Thomas Hardy’s great poem on the turn of the year


thomas-hardy-grave

The Darkling Thrush

I leant upon a coppice gate
When Frost was spectre-gray,
And Winter’s dregs made desolate
The weakening eye of day.
The tangled bine-stems scored the sky
Like strings of broken lyres,
And all mankind that haunted nigh
Had sought their household fires.

The land’s sharp features seemed to be
Century’s corpse outleant,
His crypt the cloudy canopy,
The wind his death-lament.
The ancient pulse of germ and birth
Was shrunken hard and dry,
And every spirit upon earth
Seemed fervorless as I.

At once a voice arose among
The bleak twigs overhead
In a full-hearted evensong
Of joy illimited;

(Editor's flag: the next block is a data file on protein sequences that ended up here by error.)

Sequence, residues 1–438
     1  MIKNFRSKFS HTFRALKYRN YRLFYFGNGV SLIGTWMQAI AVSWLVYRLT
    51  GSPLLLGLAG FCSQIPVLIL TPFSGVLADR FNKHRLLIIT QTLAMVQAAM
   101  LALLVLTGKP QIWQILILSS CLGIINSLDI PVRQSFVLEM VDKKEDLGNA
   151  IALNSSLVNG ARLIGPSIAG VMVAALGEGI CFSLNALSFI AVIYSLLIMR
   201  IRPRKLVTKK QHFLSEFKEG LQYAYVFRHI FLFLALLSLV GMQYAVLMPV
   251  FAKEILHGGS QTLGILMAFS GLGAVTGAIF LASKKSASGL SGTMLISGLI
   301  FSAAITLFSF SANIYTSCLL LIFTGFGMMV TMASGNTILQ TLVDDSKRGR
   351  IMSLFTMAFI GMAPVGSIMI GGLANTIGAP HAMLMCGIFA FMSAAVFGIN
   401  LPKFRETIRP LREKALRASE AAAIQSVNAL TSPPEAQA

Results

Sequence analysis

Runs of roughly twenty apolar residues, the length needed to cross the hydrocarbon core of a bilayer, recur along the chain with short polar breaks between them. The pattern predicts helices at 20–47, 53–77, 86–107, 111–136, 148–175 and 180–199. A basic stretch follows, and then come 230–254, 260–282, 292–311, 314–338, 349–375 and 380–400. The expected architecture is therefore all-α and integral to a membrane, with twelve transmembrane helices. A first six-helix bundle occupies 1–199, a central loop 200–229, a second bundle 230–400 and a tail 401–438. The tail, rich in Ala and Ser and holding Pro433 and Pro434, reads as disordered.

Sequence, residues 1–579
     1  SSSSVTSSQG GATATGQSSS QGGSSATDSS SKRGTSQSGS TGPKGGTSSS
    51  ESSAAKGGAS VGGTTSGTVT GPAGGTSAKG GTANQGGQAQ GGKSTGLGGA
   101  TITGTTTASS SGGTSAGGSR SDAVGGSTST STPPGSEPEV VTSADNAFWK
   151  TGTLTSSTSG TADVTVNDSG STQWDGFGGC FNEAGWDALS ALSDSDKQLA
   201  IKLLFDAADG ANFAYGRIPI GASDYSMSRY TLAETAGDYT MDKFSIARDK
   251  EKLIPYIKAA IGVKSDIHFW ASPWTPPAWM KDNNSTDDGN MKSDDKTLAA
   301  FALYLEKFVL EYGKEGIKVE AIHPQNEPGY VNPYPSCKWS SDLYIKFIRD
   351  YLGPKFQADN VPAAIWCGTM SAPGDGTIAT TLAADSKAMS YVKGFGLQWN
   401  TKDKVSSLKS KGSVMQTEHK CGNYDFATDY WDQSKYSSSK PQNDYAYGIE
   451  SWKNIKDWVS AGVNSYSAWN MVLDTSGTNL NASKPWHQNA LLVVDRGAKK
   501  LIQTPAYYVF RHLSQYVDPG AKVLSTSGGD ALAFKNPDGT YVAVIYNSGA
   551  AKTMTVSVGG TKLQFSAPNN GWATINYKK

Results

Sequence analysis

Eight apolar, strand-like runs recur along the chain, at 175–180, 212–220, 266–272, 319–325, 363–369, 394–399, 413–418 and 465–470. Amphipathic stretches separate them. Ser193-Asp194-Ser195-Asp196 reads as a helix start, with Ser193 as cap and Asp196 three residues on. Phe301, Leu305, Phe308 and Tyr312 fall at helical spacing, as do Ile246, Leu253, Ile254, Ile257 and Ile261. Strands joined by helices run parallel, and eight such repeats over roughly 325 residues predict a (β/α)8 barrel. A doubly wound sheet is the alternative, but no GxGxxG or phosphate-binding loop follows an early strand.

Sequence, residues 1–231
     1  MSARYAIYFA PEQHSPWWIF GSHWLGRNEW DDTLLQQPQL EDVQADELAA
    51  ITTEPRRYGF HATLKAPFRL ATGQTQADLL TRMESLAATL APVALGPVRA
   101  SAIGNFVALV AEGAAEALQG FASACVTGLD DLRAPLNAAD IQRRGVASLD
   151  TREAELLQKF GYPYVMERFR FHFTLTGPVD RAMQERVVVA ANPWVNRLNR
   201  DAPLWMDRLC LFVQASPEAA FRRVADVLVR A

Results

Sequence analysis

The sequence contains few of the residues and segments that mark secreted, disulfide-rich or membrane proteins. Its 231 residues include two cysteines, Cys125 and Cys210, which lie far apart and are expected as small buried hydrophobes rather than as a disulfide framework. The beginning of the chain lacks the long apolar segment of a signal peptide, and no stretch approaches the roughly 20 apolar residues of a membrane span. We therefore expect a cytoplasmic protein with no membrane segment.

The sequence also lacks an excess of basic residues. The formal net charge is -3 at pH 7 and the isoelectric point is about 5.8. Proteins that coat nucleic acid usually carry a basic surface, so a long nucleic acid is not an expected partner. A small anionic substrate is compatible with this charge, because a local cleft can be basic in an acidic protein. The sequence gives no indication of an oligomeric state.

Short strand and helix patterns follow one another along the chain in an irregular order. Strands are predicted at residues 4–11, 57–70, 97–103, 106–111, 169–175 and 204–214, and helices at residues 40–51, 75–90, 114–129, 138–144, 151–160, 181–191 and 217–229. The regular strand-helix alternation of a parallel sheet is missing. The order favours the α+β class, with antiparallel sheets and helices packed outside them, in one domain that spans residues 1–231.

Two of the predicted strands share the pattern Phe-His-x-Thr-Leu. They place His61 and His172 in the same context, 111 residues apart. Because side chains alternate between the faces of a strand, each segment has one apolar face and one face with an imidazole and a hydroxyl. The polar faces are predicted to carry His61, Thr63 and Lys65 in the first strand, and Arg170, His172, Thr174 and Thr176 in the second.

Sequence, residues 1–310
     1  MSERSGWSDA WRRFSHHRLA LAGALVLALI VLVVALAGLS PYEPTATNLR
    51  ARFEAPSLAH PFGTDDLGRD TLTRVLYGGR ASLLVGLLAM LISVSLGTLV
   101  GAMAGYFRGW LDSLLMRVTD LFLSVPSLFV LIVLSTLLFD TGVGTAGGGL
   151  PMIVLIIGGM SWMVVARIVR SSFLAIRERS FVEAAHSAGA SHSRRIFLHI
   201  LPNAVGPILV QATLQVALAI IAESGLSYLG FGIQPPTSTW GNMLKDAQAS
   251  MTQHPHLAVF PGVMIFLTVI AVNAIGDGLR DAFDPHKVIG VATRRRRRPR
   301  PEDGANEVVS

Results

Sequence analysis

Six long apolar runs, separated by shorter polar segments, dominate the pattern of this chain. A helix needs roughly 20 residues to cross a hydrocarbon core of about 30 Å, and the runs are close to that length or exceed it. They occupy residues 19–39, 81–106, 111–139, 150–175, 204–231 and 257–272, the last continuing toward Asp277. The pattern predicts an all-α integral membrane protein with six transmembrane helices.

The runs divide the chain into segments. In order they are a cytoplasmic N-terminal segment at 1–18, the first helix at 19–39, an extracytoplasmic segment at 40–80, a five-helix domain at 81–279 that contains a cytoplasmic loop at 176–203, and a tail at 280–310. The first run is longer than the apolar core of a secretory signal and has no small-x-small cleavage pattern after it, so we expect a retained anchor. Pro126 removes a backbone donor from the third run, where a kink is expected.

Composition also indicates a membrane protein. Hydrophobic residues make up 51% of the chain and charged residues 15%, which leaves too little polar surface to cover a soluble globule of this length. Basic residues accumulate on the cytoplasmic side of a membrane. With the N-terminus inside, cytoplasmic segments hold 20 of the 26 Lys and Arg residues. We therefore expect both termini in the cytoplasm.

An aged thrush, frail, gaunt, and small
In blast-beruffled plume,
Had chosen thus to fling his soul
Upon the growing gloom.

So little cause for carolings
Of such ecstatic sound
Was written on terrestrial things
Afar or nigh around,
That I could think there trembled through
His happy good-night air
Some blessed Hope, whereof he knew
And I was unaware.

31 December 1900

Thomas Hardy (1840-1928)

One Response to Thomas Hardy’s great poem on the turn of the year

  1. […] Thomas Hardy’s great poem on the turn of the year […]

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